Recall that local data, due to the stack growing downwards, is found in negative offsets from the address in the fp. Conversely, parameters passed using the stack will be in positive offsets. Note that fp (aka r11) is a callee-saved register as specified by the AAPCS. This means that we will have to push it onto the stack upon the entry to the function. A non obvious fact from this last step is that the previous frame pointer is always accessible from the current one. In fact it is found among the other callee-saved registers in a positive offset from fp (but a lower offset than the parameters passed using the stack because callee-saved registers are pushed last). This last property may seem non interesting but allows us to chain up through the frame pointer of our callers. In general, this is only of interest for debuggers because they need to keep track of functions being called so far.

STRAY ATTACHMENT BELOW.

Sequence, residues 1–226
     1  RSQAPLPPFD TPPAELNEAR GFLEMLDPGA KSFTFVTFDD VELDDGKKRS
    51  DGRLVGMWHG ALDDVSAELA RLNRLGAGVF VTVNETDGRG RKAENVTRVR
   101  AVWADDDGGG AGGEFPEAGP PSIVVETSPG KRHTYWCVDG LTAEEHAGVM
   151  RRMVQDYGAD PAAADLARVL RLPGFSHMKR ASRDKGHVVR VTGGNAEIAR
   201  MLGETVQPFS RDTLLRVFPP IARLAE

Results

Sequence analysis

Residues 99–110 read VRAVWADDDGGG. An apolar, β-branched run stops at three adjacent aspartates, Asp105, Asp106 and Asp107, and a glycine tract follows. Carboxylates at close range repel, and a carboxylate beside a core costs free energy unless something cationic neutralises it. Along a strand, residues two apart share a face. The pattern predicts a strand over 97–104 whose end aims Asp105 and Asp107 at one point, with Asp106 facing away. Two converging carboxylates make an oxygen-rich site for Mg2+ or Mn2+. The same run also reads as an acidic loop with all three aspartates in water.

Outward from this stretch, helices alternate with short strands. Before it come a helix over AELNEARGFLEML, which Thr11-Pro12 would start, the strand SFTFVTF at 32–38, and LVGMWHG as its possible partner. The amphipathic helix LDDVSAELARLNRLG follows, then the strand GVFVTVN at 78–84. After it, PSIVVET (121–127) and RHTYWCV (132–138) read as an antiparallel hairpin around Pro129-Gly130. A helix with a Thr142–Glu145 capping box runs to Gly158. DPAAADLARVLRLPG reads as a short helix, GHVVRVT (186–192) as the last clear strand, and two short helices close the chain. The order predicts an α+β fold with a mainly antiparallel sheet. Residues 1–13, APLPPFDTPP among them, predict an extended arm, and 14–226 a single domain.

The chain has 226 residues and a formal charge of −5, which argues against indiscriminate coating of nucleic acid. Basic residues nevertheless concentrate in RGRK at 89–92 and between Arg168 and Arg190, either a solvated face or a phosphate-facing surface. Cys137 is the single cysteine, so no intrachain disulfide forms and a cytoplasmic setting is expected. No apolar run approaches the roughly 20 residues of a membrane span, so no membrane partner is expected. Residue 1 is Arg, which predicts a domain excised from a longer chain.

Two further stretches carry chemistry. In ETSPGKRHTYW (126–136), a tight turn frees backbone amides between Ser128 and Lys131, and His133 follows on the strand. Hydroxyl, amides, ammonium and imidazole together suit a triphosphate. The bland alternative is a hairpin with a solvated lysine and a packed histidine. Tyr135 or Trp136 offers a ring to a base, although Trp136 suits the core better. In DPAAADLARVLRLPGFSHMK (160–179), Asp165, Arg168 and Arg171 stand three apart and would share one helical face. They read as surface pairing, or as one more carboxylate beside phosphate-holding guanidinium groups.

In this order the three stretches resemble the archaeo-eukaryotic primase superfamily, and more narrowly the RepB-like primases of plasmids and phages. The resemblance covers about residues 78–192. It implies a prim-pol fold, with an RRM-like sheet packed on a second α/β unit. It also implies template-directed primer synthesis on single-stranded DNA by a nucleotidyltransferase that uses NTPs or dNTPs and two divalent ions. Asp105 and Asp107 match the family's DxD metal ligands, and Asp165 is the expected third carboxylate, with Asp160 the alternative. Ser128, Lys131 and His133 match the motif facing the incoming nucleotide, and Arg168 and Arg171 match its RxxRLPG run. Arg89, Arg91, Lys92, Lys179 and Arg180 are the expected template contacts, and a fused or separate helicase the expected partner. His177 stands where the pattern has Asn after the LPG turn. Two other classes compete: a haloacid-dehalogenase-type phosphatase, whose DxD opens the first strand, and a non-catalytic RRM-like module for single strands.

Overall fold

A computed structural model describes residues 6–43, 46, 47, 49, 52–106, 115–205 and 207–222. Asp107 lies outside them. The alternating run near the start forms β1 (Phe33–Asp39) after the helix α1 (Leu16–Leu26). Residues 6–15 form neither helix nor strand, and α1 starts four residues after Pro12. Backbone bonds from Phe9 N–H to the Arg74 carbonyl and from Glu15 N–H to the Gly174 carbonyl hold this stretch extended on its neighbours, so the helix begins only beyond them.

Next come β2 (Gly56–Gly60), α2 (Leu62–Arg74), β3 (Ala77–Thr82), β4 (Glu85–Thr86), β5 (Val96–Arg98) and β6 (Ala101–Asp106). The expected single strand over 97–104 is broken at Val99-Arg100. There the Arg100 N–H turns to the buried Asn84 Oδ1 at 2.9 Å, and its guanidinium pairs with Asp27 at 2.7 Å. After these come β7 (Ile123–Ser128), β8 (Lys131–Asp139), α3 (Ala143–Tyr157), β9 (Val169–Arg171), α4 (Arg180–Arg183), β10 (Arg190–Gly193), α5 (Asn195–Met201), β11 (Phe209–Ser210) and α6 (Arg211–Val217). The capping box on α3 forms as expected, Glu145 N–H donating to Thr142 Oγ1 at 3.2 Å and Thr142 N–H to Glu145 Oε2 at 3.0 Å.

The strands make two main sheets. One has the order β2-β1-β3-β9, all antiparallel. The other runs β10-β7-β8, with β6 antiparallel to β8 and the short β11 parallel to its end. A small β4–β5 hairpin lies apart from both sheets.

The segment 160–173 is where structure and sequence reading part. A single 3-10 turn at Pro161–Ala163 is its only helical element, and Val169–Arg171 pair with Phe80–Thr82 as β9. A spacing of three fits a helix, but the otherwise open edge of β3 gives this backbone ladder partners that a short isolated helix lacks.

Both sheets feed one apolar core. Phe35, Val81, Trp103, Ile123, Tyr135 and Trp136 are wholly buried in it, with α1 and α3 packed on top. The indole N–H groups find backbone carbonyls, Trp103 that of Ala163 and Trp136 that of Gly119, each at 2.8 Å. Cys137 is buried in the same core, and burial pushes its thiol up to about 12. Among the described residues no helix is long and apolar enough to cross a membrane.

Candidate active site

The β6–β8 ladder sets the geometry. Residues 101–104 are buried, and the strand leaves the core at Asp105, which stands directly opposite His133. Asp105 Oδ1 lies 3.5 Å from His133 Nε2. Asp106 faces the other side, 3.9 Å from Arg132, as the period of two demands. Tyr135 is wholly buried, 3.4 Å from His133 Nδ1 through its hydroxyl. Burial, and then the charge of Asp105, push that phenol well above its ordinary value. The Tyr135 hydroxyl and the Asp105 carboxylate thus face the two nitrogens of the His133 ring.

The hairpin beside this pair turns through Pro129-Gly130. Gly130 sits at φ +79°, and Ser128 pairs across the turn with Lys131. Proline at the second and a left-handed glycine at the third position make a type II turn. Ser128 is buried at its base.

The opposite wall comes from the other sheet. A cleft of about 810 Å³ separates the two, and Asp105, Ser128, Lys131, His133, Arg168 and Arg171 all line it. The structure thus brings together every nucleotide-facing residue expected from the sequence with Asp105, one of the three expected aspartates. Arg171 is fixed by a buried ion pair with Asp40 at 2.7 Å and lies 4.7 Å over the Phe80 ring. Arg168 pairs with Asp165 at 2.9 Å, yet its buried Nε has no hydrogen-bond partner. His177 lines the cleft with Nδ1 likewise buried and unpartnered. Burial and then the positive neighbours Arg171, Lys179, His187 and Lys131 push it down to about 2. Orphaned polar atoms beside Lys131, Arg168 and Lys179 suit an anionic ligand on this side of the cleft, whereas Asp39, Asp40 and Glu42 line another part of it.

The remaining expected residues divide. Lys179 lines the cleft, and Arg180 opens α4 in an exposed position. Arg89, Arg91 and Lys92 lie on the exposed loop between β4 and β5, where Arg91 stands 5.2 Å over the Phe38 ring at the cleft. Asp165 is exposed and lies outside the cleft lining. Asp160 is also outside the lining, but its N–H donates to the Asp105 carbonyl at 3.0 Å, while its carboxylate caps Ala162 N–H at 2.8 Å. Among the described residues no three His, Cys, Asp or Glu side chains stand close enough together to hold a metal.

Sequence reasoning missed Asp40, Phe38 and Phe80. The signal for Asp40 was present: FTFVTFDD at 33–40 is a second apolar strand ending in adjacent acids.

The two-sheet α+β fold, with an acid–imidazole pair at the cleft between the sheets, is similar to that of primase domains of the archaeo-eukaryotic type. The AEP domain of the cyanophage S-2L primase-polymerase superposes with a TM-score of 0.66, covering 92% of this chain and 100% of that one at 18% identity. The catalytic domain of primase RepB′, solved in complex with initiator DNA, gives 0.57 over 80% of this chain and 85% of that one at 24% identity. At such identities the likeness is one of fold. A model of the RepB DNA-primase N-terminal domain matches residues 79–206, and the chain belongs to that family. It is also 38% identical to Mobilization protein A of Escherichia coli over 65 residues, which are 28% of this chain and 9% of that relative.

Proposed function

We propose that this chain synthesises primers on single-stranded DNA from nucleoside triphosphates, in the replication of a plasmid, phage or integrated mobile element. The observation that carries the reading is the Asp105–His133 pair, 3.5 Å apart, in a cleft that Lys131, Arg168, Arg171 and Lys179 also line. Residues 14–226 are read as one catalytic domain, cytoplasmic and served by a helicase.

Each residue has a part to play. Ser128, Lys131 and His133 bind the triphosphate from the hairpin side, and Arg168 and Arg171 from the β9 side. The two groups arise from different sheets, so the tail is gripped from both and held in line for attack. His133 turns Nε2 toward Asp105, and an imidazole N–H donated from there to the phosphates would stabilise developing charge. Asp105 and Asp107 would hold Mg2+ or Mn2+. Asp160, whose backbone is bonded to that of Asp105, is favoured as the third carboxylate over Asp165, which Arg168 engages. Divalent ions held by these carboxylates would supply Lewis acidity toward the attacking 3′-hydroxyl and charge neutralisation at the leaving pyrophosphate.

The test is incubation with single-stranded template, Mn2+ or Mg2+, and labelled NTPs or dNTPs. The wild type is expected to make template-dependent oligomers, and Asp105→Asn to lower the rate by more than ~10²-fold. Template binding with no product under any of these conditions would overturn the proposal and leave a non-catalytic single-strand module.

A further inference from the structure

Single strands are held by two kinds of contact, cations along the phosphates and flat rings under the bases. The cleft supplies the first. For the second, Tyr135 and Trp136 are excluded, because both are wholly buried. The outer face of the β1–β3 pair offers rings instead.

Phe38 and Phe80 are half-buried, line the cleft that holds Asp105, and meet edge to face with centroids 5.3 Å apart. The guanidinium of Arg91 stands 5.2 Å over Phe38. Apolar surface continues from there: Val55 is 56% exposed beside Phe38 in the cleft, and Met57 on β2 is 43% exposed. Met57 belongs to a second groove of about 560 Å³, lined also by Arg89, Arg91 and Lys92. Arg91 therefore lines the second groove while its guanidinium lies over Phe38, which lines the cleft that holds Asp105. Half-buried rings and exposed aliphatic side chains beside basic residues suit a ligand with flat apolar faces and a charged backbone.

The following image shows how the stack layout, after the dynamic link has been set and the stack has been enlarged for local variables, looks like for a function g that has been called by f. The set of data that is addressed using the frame pointer is commonly called the activation record, since it is a bunch of information that is specific of the dynamic activation of the function (i.e. of the current call).

This picture shows the stack layout and the activation records of a function g thas has been called by a function f

Static link

When a function calls a nested function (also called a local function), the nested function can use local variables of the enclosing function. This means that there must be a way for the nested function to access local variables from the enclosing function. One might think that the dynamic link should be enough. In fact, if the programming language only allowed nested functions call other (immediately) nested functions, this would be true. But if this were so, that programming language would be rather limited. That said, for the moment, let’s assume that this is the case: check again the image above. If g is a local function of f, then it should be possible for g to access local variables of f by getting to the previous fp.